MathOverflow is a question and answer site for professional mathematicians. Join them; it only takes a minute:

Sign up
Here's how it works:
  1. Anybody can ask a question
  2. Anybody can answer
  3. The best answers are voted up and rise to the top

Is there any sub-sequence $n_k$ of natural numbers such as $\lim(n_k^2|\sin(n_k)|) = 0$ ? when $k$ tends to infinity. In other words, does $\lim(n^2|\sin(n)|)$ exist (equal to infinity)? or there is no such limit?

share|cite|improve this question

closed as too localized by fedja, Benjamin Steinberg, Ryan Budney, Felipe Voloch, George Lowther Dec 15 '11 at 23:17

This question is unlikely to help any future visitors; it is only relevant to a small geographic area, a specific moment in time, or an extraordinarily narrow situation that is not generally applicable to the worldwide audience of the internet. For help making this question more broadly applicable, visit the help center.If this question can be reworded to fit the rules in the help center, please edit the question.

That is equivalent to figuring out if $|\pi-\frac pq|<\frac c{q^3}$ has a solution for every $c>0$. The answer is "we don't know yet but we are getting there little by little". Currently the record for the irrationality measure of $\pi$ is 7.606..., way down from Mahler's original 30. So, just wait a couple dozen years :) – fedja Dec 15 '11 at 19:29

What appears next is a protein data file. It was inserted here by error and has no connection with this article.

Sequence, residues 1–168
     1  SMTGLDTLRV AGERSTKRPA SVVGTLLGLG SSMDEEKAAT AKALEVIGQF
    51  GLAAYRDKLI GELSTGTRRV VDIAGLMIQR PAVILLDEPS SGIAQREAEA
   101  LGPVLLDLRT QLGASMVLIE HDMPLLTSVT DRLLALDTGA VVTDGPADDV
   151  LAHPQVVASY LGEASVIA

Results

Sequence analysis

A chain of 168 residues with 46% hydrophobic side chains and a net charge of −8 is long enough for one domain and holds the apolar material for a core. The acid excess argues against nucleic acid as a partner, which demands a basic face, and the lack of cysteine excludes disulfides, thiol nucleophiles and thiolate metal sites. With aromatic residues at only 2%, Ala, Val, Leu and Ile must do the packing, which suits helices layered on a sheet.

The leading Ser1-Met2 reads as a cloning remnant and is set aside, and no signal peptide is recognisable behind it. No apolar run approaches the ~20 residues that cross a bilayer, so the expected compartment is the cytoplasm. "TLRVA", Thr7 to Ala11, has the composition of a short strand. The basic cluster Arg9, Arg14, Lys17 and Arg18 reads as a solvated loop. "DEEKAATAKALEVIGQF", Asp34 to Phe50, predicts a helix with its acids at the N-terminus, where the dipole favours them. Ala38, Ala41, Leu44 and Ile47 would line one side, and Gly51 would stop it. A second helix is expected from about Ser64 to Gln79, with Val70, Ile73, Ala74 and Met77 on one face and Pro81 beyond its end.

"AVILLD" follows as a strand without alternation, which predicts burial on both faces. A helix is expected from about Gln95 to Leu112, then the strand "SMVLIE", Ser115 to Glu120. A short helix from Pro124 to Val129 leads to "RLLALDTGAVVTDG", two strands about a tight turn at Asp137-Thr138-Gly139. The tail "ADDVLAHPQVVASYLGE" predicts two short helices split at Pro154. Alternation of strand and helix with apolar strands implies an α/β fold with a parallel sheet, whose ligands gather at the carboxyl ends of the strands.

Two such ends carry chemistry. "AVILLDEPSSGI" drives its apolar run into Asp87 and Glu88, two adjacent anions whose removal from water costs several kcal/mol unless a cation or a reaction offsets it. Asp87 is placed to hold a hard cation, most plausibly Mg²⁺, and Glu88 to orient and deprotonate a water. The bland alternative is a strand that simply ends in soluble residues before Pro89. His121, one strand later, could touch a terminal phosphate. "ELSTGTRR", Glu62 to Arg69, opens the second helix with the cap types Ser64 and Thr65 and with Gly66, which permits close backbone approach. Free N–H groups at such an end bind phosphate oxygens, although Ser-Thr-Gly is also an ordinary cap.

Most people who have thought about this believe we do know the answer but, as fedja noted, are still many years from proving it. – Noam D. Elkies Dec 15 '11 at 19:42
May I humbly suggest that fedja turns her/his comment into an answer, with perhaps some link to where the record is proven? – Julien Puydt Dec 15 '11 at 20:35
Based on fedja's comment, I'm retagging this as an open problem. I also wish John (or someone) would edit this question to "texxify" it. I don't have enough rep yet to edit. – David White Dec 15 '11 at 20:50
I mentioned this specific case in an answer to a math.SE question. – George Lowther Dec 15 '11 at 23:13